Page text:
Talent vs. Hard Work
By Greg Goebel, Chordination Teacher
Have you ever watched an extraordinary performance? Maybe it was Michael Jordan’s “last shot” in game 6 of the 1998 NBA finals. Perhaps it’s listening to Glenn Gould play the Goldberg Variations. Or maybe it’s witnessing Elon Musk’s revolutionary ideas become reality. For most, a natural reaction is feeling that in some deep way, those performers are different from us. We cannot relate our own performances to theirs and there seems to be an insurmountable chasm from here to there with no conceivable bridge.
Our reaction in thinking that there is something deeply different about these people is, in fact, correct. The truth is, there really is something fundamentally different about great performers. Their bodies and brains really are different than most. Their abilities to size up a situation quickly, recognize patterns, or remember complex information exist on a much higher level than the majority of the population. What we’re wrong in thinking, though, is that the nature of these performers is a mystery, something that they were just born with. That they’re just more talented.
A tourist in Central Park stops a man in a tuxedo with a violin case and asks, “How do you get to Carnegie Hall?” The man responds, “Hard work and hours of practice.” We’ve probably all heard a version of this joke, but it holds a lot of truth. It’s no surprise that extensive, well structured, thoughtful practice develops abilities specific to any field, be it sports, music or business. Great performers know that high level, deliberate practice is critical to high level performance. But practice can actually alter a person’s body and brain in a physical way.
This is not in an obvious way like we might think, though, like going to the gym and lifting weights to make your muscles bigger. But rather in ways that may not be so obvious. For example, high level marathon runners have larger than average hearts. We may view this as proof that some people are just born with a “talent” that we cannot possess. But research has shown that when these runners stop training, their hearts revert to the normal size. It’s through their extensive, specific training over a span of years that their hearts grew, giving them an advantage when running. Athletes can change the composition of their muscles, fast twitch and slow twitch muscle fibers, not just the size. Ballet dancers can turn their feet out more than most people. Baseball pitchers can extend their throwing arm back farther. All of these qualities are gained through extensive practice over many years, usually starting from a young age.
Not just bodies, but also brains can be changed on a physical level. Studies have shown that when children begin practicing a musical instrument, their brains develop in a different way physically. New synapses and pathways are formed. Regions of the brain that hear pitch and control the fingers physically take over more territory. And similar to learning a new language, the younger the person is when they start practicing, the greater the effects will be.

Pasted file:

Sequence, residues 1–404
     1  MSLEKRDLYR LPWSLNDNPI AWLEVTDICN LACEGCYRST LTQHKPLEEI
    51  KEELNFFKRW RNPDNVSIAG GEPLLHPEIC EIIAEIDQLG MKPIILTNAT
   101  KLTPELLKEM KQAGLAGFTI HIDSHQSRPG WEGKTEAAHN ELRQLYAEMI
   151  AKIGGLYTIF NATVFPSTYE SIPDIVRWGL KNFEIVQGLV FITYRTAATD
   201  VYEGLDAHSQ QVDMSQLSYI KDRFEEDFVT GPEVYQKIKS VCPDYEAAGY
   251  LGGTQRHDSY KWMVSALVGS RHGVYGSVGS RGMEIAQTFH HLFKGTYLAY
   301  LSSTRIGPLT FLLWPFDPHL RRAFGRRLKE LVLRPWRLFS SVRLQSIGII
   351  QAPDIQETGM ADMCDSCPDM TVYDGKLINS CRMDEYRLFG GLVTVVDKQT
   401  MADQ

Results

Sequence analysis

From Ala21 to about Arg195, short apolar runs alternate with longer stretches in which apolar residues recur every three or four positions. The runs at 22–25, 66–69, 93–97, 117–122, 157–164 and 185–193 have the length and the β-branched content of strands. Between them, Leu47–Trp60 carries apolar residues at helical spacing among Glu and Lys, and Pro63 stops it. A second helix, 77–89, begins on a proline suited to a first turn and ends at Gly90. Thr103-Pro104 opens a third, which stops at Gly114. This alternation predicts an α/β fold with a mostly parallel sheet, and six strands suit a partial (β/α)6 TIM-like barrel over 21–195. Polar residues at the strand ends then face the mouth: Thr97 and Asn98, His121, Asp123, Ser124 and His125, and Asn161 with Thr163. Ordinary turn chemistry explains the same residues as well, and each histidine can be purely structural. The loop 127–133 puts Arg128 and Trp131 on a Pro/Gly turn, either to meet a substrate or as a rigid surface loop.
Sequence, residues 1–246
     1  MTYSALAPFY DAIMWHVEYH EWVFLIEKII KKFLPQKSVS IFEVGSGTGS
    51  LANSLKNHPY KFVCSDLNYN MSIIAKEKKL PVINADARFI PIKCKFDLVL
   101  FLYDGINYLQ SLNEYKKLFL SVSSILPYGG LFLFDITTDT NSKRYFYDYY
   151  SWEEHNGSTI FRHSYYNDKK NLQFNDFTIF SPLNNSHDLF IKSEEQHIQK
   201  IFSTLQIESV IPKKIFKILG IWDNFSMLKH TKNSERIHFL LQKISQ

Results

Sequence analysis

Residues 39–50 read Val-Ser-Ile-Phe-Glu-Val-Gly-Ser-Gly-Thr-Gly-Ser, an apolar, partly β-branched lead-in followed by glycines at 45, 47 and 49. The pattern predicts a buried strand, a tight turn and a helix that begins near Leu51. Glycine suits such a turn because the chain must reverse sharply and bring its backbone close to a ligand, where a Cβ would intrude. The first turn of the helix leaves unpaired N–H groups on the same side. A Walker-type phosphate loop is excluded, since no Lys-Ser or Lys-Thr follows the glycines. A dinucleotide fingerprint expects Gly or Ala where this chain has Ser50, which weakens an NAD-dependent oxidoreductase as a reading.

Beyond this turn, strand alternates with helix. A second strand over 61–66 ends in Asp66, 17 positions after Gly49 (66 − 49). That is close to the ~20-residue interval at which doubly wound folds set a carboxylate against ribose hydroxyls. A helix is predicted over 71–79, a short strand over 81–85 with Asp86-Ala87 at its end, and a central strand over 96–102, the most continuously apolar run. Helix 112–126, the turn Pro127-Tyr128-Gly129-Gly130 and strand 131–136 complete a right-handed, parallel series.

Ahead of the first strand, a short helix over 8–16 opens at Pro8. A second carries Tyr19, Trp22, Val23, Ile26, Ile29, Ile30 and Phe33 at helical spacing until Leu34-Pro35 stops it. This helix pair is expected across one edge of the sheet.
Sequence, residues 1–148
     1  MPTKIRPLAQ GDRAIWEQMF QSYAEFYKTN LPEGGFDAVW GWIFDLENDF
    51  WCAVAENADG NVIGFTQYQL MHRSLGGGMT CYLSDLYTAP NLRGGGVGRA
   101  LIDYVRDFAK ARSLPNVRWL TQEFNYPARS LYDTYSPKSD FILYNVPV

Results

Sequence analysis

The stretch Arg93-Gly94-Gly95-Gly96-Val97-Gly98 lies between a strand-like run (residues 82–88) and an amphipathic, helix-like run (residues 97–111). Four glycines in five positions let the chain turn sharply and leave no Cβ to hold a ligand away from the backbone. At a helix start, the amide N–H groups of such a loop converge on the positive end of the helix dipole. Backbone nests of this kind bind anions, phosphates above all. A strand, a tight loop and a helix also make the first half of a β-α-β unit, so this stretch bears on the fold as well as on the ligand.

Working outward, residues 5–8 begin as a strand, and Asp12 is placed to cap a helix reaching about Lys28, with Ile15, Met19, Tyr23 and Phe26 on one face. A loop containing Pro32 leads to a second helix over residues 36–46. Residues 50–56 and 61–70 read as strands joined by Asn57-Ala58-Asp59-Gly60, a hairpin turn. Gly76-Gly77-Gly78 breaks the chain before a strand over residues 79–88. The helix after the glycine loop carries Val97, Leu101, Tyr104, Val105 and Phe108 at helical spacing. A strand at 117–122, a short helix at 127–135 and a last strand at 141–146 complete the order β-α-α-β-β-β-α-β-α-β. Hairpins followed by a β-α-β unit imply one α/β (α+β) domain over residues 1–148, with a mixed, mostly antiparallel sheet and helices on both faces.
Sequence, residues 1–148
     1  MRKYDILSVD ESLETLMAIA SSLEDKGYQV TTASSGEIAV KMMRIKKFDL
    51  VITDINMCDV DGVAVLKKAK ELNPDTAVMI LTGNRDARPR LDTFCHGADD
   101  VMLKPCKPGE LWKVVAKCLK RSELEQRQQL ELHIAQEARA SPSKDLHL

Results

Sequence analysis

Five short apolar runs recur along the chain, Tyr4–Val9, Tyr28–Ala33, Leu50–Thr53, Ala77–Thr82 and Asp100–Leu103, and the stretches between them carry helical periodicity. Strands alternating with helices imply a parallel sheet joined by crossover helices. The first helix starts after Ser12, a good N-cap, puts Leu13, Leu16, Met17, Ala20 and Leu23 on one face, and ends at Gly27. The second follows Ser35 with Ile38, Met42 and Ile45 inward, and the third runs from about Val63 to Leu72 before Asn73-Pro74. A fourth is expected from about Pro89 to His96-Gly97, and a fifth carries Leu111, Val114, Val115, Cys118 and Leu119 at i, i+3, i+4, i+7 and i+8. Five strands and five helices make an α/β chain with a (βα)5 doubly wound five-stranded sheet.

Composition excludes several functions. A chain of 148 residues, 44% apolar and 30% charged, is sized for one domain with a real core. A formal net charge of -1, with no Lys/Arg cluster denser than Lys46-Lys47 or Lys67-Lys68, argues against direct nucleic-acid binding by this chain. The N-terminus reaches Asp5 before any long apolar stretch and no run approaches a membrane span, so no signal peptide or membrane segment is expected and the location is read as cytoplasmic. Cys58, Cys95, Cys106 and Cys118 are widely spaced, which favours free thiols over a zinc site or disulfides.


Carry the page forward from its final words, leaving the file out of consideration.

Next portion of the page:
There is early research into a substance called myelin that can build up around nerve fibers and neurons. The buildup of more myelin causes these fibers and neurons to work better. The brain of a professional pianist, for example, shows increased levels of myelin present in areas of the brain related to that field. It is important to note that myelination happens slowly. The process of sending a signal through the nerve fibers to stimulate the buildup of myelin needs to happen millions of times in the development of a great performer. This is an exact parallel to how deliberate practice and thoughtful repetition needs to take place regularly over the span of years to produce a performer of the highest level.
In the book “Outliers” by Malcolm Gladwell, he posits the 10,000 hour rule. Basically he says that anyone at the top of their field has to have put in a minimum of 10,000 hours of practice before reaching a level of proficiency. Now whether that’s an exact number or not is neither here nor there in reality. 10,000 hours of unfocused, non-deliberate practice (just playing really) will probably not get you there. But the concept of success coming from so much invested time and practice cannot be denied.
What we’re really getting down to here is talent vs. hard work. Am I saying that inborn talent is a misconception? No. Truthfully, inborn talent will yield quicker results early on. But having some natural abilities at an early age can often promote a lack of work ethic later on. If a child excels in school without having to work very hard, they can easily become lackadaisical. Some inborn talent will give them a head start, but in the long run, it’s hard work that will ultimately help the achieve their goals.
So when we witness an extraordinary performer in any field, remember those hours of hard work and focused, deliberate practice made them into what they are. There is a way across the perceived chasm between us and the greats. The fact that great people stand out proves that the path is long, it is difficult and few people follow it to its end. But following this path, even if just partially, is always beneficial and will develop skills that affect many aspects of one’s life.
For almost 20 years, Greg Goebel has been touring the globe playing concerts and teaching workshops. In addition to performing, he has recently turned his attention toward production. One of Greg’s pieces was recently featured in a new show on HBO.